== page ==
Originally published on We are fathoms deep in the era of automation. When was the last time you stepped inside a bank, bought a ticket from a human, or browsed through bins of music? The everyday tasks that once filled our days are increasingly performed and delivered almost instantaneously by machines. If we are to keep pace with the rapid evolution of the workplace, our skills must adapt. But while this may be cause for concern for some job sectors, it’s also true that there are perfunctory tasks we’d be perfectly happy to do without. Who wouldn’t breathe a sigh of relief if a clever bot could knock off routine emails, file expenses, and do a little laundry on the side? Offloading administrative overhead will allow people the time and headspace to do deeper, more abundant work. This is the upside to automation that no one talks about: It has the potential to make the future of work more creative. The time we recoup will free us up to learn to be ambidextrous in our approach and increase our creative capacity. But this isn’t just the realm of designers and artists: A leader’s creative capacity is their ability to envision radically new ideas, collaborate with others to execute them, and then ensure that they take hold and evolve in the world. Today’s most innovative leaders already optimize this mode of thinking, such as people like Jacqueline Novogratz, who quit Wall Street to start Acumen, an organization that addresses global poverty through impact investing. Novogratz is one of the best examples I know of a creative leader who puts radically new ideas into action. Since 2001, Acumen has invested $110 million to build more than 102 social enterprises in countries like Uganda, Kenya, Ghana, Pakistan, India, Colombia, the US, and others. Those startups have created 60,000 jobs and are bringing affordable education, health care, clean water, energy, and sanitation to more than 200 million people. Today, Acumen is considered to be one of the world’s most innovative nonprofits. What I mean to suggest is that creativity isn’t solely the domain of traditional artistic fields. Just as technology now impacts every area of our lives, not just the computer-powered parts, creativity often involves abstract thinking that connects disparate parts of our experience to address the challenges at hand. Drawing parallels to past opportunities allows us to extrapolate a solution in the absence of more compelling data. Based on the technology of the wireless telegraph and the movie projector, scientists in the early 20th century extrapolated that they might be able to create a kind of visual radio that would both receive and transmit sound and images on a screen. Between the cathode ray tube, a vacuum with an electron gun that beams images, and Farnsworth’s projection of a straight line on a machine he called the “Image Dissector,” TV was born—but it took many creative leaps that built off one another to get there. As it’s one of the few things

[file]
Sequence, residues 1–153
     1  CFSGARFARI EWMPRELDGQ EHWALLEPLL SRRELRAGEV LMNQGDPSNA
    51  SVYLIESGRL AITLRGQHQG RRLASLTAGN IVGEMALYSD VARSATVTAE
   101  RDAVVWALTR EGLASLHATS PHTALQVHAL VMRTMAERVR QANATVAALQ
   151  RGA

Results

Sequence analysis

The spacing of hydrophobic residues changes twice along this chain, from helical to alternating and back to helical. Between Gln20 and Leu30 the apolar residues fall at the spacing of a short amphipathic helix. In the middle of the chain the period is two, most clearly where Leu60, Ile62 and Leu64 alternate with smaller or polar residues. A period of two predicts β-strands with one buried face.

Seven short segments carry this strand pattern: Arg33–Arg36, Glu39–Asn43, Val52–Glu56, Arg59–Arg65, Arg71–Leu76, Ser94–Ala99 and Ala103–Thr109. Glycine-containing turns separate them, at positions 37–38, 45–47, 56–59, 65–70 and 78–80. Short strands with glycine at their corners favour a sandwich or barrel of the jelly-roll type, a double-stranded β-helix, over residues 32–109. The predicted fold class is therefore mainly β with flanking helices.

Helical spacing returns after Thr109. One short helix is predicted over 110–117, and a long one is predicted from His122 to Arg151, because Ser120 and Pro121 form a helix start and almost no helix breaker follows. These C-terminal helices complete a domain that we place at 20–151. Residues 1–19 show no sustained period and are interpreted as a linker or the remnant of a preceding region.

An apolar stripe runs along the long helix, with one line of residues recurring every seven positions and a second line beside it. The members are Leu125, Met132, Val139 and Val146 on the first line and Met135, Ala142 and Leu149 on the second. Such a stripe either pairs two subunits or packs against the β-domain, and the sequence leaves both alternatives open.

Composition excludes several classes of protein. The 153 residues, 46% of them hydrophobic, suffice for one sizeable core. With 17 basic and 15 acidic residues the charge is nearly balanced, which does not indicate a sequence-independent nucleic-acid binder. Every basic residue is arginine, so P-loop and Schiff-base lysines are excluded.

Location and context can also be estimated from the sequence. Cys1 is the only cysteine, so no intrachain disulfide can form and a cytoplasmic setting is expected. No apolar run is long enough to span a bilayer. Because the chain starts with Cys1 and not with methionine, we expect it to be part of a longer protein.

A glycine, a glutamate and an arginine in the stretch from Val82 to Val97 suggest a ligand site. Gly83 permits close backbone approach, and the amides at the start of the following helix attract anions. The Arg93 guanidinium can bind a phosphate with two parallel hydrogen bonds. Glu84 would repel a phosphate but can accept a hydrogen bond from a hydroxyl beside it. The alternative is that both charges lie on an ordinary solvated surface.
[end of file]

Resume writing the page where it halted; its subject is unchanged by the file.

The Future of Human Work Is Imagination, Creativity, and Strategy – via Harvard Business Review

February 25, 2019
It seems beyond debate: Technology is going to replace jobs, or, more precisely, the people holding those jobs. Few industries, if any, will be untouched. Knowledge workers will not escape. Recently, the CEO of Deutsche Bank predicted that half of its 97,000 employees could be replaced by robots. One survey revealed that “39% of jobs in the legal sector could be automated in the next 10 years. Separate research has concluded that accountants have a 95% chance of losing their jobs to automation in the future.” And for those in manufacturing or production companies, the future may arrive even sooner. That same report mentioned the advent of “robotic bricklayers.” Machine learning algorithms are also predicted to replace people responsible for “optical part sorting, automated quality control, failure detection, and improved productivity and efficiency.” Quite simply, machines are better at the job: The National Institute of Standards predicts that “machine learning can improve production capacity by up to 20%” and reduce raw materials waste by 4%. It is easy to find reports that predict the loss of between 5 and 10 million jobs by 2020. Recently, space and automotive titan Elon Musk said the machine-over-mankind threat was humanity’s “biggest existential threat.” Perhaps that is too dire a reading of the future, but what is important for corporate leaders right now is to avoid the catastrophic mistake of ignoring how people will be affected. Here are four ways to think about the people left behind after the trucks bring in all the new technology. The Wizard of Oz Is the Wrong Model In Oz, the wizard is shown to run the kingdom through some complex machine hidden behind a curtain. Many executives may think themselves the wizard; enthralled by the idea that AI technology will allow them to shed millions of dollars in labor costs, they could come to believe that the best company is the one with the fewest people aside from the CEO. Yet the CEO and founder of Fetch Robotics, Melonee Wise, cautions against that way of thinking: “For every robot we put in the world, you have to have someone maintaining it or servicing it or taking care of it.” The point of technology, she argues, is to boost productivity, not cut the workforce. Humans Are Strategic; Machines Are Tactical McKinsey has been studying what kind of work is most adaptable to automation. Their findings so far seem to conclude that the more technical the work, the more technology can accomplish it. In other words, machines skew toward tactical applications. On the other hand, work that requires a high degree of imagination, creative analysis, and strategic thinking is harder to automate. As McKinsey put it in a recent report: “The hardest activities to automate with currently available technologies are those that involve managing and developing people (9 percent automation potential) or that apply expertise to decision making, planning, or creative work (18 percent).” Computers are great at optimizing, but not so great at goal-setting. Or even using common sense. Integrating New Technology Is About Emotions When technology comes in, and